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Some of the most spectacular mountain scenery anywhere are the great rock walls of the Sierra Nevada which are actually the sides of huge tilted fault blocks. The Sierra Nevada are in fact the broken upper edge of a huge plate that tilts down toward the west to nearly five miles below the surface of the Pacific Ocean.

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To help us further understand these magnificent structures, we created our own fault block mountains using artificial grass, styrofoam blocks, and regular blocks.

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The Tree Line

The tree line is the edge of the habitat at which trees are capable of growing. It is found at high elevations and in frigid environments. Beyond the tree line, trees cannot tolerate the environmental conditions (usually cold temperatures or lack of moisture).

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At the tree line, tree growth is often sparse and stunted, with the last trees forming densely matted bushes, known as krummholtz.

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The tree line, like many other natural lines (lake boundaries, for example), appears well-defined from a distance, but upon sufficiently close inspection, it is a gradual transition in most places.

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Trees grow shorter towards the inhospitable climate until they simply stop growing. For this activity, we talked about what a tree line was. We then used dirt, branches, and flour to create the tree line. Lastly, we added animals to our mountains and play with them among our friends!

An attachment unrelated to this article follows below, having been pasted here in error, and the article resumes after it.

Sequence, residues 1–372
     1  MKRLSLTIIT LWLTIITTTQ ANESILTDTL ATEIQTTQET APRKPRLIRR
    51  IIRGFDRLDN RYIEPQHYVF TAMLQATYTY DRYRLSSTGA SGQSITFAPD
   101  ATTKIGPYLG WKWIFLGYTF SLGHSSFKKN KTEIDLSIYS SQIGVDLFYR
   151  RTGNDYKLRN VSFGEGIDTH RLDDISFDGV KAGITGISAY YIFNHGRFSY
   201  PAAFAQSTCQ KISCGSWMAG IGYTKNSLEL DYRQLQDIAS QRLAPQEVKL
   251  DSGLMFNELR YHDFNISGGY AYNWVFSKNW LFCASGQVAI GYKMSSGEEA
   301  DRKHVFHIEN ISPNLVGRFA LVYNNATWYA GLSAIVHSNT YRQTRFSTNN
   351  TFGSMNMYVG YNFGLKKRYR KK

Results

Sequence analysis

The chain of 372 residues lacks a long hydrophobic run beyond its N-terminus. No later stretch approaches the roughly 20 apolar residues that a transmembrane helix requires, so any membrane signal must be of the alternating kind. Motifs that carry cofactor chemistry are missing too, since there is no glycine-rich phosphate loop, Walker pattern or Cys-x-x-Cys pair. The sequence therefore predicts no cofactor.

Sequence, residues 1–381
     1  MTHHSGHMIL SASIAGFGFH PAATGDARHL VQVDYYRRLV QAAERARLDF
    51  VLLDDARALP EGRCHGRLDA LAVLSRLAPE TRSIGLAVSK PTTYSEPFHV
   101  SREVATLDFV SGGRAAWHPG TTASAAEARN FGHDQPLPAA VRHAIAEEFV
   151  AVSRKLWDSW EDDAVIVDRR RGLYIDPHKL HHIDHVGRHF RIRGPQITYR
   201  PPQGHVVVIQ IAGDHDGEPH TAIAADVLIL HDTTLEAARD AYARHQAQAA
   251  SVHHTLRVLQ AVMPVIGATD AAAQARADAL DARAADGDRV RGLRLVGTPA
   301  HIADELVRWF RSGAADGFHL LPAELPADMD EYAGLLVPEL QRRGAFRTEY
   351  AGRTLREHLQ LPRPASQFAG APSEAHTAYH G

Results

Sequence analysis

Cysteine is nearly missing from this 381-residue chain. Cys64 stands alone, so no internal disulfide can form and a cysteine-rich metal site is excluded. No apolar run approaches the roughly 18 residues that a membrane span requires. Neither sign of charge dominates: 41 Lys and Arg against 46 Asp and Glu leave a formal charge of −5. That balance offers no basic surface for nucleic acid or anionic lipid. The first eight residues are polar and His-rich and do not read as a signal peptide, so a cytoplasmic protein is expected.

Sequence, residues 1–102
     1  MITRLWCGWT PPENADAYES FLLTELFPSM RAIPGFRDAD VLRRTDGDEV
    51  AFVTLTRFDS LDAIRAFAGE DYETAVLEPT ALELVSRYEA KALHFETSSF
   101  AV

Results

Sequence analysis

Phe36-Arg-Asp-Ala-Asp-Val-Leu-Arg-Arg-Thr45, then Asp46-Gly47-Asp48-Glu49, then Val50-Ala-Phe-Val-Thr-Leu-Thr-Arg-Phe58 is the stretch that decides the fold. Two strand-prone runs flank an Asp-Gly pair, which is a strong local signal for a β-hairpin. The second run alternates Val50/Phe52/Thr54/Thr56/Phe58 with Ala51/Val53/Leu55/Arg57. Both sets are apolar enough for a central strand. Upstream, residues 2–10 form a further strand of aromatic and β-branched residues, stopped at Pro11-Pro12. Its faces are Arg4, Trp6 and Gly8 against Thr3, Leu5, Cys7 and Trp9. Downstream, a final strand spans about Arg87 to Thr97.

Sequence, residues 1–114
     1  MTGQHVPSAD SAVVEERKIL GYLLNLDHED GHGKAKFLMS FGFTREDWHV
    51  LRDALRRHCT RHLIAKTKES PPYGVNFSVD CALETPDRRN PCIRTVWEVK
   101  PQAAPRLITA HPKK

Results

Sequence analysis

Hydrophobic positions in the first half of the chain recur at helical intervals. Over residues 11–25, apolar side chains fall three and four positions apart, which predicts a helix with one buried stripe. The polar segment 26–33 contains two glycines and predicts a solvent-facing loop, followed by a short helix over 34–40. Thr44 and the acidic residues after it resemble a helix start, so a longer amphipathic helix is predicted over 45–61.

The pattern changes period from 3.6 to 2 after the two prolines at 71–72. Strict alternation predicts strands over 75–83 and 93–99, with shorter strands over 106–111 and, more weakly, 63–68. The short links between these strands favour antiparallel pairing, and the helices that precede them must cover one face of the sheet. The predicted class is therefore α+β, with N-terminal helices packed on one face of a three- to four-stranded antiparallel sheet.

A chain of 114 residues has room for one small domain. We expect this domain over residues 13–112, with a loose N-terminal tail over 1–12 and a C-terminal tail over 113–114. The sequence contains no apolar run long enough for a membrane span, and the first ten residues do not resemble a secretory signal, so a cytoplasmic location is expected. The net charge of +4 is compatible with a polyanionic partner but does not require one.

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Mount Everest

Mount Everest, also known as Sagarmatha or Chomolungma—is the highest mountain on Earth, as measured by the height of its summit above sea level.

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The mountain, which is part of the Himalayan range in High Asia, is located on the border between Nepal and Tibet.

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Its summit was first reached in 1953 by Edmund Hillary of New Zealand and Tenzing Norgay of Nepal.

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Its exact height is debated, but is approximately 29,000 feet above sea level.

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To include this in our week of mountains, we used a few different materials to create this magnificent mountain.

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Using ice, dirt, and insta-snow, we enjoyed seeing who could make the tallest mountain among our friends!